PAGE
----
Then you will be the line leader.

Some women have been taught that what Jesus meant was that they will be rewarded in this life or the next for always serving others first, for disregarding their own needs, even in the face of psychological and physical abuse.

The problem with these interpretations is that they do not take seriously enough the context for the teaching –“Whoever wants to be first.” What if we understood that Jesus was giving advice to leaders in the church- – the twelve and all those to come — who would continue to embody Jesus’ earthly ministry?

If you want to be leaders in the community, to be trusted, to ensure your own ethical standards are not compromised, if you want to be one of the great ones, then you must put your own interests last. There is nothing wrong with wanting your own voice to be heard, just be sure that all others have a voice when you use yours. There is nothing wrong with wanting to improve your financial well-being, just be sure that you attend to the financial well-being of the rest of the community first.

Being a good leader, a great leader, must mean being a servant to all — to the poor as well as the rich, to women as well as to men, to Jew as well as to Greek, to children as well as to adults.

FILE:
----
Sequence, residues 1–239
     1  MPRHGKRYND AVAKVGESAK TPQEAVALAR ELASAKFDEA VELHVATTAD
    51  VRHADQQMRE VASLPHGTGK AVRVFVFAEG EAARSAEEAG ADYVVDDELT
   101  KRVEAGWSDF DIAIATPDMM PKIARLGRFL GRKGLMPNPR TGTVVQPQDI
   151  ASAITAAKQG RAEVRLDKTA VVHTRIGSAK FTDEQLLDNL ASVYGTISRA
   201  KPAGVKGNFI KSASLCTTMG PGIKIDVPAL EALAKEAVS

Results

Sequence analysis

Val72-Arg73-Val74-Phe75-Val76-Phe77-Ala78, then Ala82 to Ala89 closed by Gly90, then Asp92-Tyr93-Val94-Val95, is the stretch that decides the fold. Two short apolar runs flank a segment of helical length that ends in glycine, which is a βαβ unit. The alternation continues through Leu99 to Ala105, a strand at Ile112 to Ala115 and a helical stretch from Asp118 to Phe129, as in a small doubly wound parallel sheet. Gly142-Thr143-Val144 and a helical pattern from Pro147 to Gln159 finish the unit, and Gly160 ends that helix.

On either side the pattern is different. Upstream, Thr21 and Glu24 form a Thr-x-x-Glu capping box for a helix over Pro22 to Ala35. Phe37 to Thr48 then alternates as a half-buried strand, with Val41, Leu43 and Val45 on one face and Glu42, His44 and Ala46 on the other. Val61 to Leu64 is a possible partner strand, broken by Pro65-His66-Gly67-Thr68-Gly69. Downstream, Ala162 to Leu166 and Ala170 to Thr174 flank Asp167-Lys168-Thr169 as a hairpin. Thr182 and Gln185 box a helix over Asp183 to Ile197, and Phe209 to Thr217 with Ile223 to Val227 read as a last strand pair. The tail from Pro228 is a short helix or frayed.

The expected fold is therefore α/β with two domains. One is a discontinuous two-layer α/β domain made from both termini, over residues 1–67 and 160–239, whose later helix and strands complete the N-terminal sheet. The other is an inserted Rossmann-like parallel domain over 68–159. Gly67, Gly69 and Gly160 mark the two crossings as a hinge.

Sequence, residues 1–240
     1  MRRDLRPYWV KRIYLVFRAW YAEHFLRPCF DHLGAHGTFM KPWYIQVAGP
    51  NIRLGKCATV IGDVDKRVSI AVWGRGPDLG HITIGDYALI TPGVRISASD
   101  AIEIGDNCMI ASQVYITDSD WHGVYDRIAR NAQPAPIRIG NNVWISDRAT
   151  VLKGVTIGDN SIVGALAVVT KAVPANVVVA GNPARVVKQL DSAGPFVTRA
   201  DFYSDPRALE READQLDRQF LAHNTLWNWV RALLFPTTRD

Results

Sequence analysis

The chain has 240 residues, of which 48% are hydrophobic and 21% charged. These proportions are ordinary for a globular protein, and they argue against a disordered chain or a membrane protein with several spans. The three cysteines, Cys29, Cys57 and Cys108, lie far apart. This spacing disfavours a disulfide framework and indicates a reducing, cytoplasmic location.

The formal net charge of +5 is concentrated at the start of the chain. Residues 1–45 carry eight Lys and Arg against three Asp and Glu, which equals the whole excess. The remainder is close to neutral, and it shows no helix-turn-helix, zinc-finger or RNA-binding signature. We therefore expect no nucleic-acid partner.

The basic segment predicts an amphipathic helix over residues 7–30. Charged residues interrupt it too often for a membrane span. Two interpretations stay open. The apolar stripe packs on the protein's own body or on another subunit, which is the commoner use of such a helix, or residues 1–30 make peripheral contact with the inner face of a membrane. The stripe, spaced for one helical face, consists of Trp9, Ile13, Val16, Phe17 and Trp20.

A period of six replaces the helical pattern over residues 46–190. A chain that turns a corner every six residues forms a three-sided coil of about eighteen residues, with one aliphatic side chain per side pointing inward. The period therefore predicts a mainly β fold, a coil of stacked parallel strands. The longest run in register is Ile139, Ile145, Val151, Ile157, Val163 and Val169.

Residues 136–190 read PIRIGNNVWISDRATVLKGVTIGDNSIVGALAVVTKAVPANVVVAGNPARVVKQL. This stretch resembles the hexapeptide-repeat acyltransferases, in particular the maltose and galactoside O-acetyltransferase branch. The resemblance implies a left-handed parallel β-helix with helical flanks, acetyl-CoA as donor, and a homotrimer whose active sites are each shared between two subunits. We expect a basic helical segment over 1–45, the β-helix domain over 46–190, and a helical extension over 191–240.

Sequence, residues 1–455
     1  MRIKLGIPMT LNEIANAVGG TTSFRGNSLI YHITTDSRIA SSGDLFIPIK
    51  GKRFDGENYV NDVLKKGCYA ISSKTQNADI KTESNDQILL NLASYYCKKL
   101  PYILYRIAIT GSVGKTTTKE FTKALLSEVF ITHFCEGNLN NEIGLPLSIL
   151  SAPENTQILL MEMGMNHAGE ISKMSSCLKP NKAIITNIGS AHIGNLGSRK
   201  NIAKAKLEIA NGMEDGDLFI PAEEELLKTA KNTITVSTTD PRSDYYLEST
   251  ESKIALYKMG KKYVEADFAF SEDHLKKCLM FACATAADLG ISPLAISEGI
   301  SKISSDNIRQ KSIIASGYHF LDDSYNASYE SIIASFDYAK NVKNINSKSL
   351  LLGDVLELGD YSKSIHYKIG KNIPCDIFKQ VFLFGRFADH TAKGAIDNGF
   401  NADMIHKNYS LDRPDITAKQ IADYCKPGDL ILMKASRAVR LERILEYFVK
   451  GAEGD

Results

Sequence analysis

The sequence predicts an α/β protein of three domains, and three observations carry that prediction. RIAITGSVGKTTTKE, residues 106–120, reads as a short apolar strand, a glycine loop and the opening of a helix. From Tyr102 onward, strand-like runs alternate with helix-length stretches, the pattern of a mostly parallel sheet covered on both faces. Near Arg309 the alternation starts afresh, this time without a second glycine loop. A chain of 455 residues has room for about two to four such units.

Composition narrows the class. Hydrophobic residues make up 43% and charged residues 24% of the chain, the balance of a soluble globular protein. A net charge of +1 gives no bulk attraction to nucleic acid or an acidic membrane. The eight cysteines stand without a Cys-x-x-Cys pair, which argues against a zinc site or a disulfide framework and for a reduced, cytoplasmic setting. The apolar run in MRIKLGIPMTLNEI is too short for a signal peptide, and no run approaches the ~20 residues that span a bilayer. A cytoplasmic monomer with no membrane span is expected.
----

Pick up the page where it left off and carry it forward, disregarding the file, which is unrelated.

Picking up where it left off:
And it is a child Jesus uses to illustrate what he means about the exercise of power. A truly great leader, the most powerful one in the community will receive a child, not as a dependent, not as an obligation, but as an equal, as a co-leader. Because, says Jesus, in welcoming anyone, especially the least powerful in the community, in Jesus’ name, you are welcoming Jesus. And whoever welcomes Jesus is welcoming God.

It’s OK to want to be first, to be a leader, to exercise power. And as long as you welcome into your community everyone, as if each one were your savior, you will be one of the Great Ones.

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Christopher Sikkema